senior and the parish argued, if Taverner does not leave everything to
the young one, whom can he make his heir?  Hillary was a warm-blooded
man.  He suffered little from cold; he liked to live in his
shirt-sleeves.  When rain fell, he threw a sack over his shoulders.  He
drew on his cloth coat only for church and market. He was an imposing
man, out of his coat or in it, big in girth, broad in beam, and tall of
stature.  But especially imposing was he when he rode to market on his
white cob, in his badger-skin waistcoat turned up with crimson.  The
consciousness that he was, or ought to be, a man of substance never left
him.  His son Hillary would be a wealthy yeoman, and he—he Hillary
senior—was the father of this son, this wealthy yeoman prospective.  On
this thought he puffed himself up.  Considering this, he jingled the
coins in his pocket.  Boasting of this he drank with the farmers till he
was as red in face as the lappets of his waistcoat.

Adjoining the house was a good oak wood covering the slope to the brook
that flowed in the bottom.  Fine sticks of timber had been cut thence,
time out of mind.  The rafters of the old house, the beams of the
cattle-sheds, the posts of the gates, the very rails (’shivers,’ as they
were locally called), the flooring (’plancheon’ locally), all were of
oak, hard as iron; and all came out of Chimsworthy wood. An avenue of
contorted, stunted limes led to the entrance gates of granite, topped
with stone balls; and the gates gave admission to a yard deep in dung.
The house was low, part of cob—that is, clay and straw kneaded and
unbaked—part of stone laid in clay, not in lime.  In the cob walls,
plastered white, were oak windows, in the stone walls two granite
windows.  The house was shaped like the letter T, of which the top
stroke represents the stone portion, containing the parlour and the best
bedroom over it, and the stairs.  The roofs were thatched.  There was
more roof than wall to Chimsworthy, which cowered almost into the
ground.

At the back of the house rose the lofty bank of Broadbury, the highest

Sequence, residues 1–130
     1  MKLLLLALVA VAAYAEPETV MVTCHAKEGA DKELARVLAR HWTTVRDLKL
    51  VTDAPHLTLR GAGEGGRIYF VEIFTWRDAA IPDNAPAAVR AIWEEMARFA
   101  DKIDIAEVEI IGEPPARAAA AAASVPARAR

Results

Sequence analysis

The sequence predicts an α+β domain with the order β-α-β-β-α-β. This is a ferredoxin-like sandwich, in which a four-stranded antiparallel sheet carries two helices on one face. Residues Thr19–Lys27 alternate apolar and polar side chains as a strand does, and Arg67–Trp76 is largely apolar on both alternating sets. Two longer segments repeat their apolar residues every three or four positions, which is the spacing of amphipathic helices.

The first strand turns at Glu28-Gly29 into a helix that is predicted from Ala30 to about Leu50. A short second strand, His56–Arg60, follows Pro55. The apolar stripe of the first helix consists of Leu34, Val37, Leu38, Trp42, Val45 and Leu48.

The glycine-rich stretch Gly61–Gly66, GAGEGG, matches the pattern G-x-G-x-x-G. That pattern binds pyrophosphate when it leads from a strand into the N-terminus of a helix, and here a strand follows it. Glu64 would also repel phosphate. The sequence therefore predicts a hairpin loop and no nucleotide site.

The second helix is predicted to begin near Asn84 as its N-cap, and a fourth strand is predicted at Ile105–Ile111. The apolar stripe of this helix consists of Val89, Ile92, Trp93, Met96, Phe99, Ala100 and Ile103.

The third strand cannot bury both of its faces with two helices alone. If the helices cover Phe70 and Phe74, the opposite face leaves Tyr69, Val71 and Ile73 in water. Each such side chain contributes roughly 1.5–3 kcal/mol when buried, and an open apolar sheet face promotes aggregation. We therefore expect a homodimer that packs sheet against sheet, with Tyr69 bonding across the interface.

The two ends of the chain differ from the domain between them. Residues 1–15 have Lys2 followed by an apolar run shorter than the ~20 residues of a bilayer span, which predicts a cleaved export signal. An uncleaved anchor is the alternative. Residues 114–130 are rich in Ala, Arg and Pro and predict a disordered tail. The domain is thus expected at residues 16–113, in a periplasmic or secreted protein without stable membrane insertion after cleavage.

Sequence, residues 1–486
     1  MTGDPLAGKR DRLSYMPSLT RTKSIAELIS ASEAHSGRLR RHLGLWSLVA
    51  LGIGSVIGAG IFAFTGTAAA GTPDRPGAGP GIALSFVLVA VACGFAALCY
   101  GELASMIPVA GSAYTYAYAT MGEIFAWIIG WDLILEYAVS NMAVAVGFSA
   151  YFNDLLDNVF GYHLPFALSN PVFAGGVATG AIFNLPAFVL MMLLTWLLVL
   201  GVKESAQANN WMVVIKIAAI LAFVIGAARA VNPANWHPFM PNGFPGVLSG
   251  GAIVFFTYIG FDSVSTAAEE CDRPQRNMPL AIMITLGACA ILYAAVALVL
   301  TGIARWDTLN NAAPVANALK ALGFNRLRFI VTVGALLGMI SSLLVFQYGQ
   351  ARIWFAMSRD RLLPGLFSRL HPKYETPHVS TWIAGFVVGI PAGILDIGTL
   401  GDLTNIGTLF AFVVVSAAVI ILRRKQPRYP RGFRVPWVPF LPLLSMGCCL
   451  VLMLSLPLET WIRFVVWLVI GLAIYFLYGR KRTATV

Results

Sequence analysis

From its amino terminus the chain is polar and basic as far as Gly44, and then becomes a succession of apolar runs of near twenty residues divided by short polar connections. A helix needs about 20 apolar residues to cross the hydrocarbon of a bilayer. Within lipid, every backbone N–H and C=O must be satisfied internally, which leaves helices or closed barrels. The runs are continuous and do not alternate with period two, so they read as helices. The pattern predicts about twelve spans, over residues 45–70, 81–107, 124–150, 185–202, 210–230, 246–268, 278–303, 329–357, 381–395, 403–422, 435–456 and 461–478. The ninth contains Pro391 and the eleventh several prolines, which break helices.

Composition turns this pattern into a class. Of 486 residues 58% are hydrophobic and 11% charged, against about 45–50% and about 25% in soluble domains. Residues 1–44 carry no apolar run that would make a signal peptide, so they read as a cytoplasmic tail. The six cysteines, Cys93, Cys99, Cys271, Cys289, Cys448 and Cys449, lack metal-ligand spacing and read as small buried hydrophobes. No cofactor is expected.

ridge between Dartmoor and the Atlantic.  The rain that fell on the Down
above oozed through the shale about Chimsworthy, so that the lane and
yards were perpetually wet, and compelled those who lived there to walk
in wading boots.

In shape, Broadbury is a crescent, with the horns east and west, and the
lap of the half moon lies to the south.  In this lap, the nursery of
countless streams, stands Chimsworthy, with a bank of pines behind it,
and above the black pines golden gorse, and over the golden gorse blue
sky and fleecy white clouds.  The countless springs issue from emerald
patches of bog, where bloom the purple butterwort, the white grass of
Parnassus, the yellow asphodel, and the blood-tipped sundew.  The
rivulets become rills, and swell to brooks which have scooped themselves
coombs in the hill slope, and the coombs as they descend deepen into
valleys, whose sides are rich with oak coppice, and the bottoms are rank
with cotton grass, fleecy and flickering as the white clouds that drift
overhead.

Chimsworthy had originally belonged to the Hills, a fine old yeoman
family, but the last of the Hills had carried it by marriage to the
Langfords of Langford.  How it had gone to Hillary Nanspian by his
marriage with the daughter of Mrs. Langford has already been told.

Langford had been owned for many generations by the Langfords, once a
gentle family, with large estates both in Bratton Clovelly and in Marham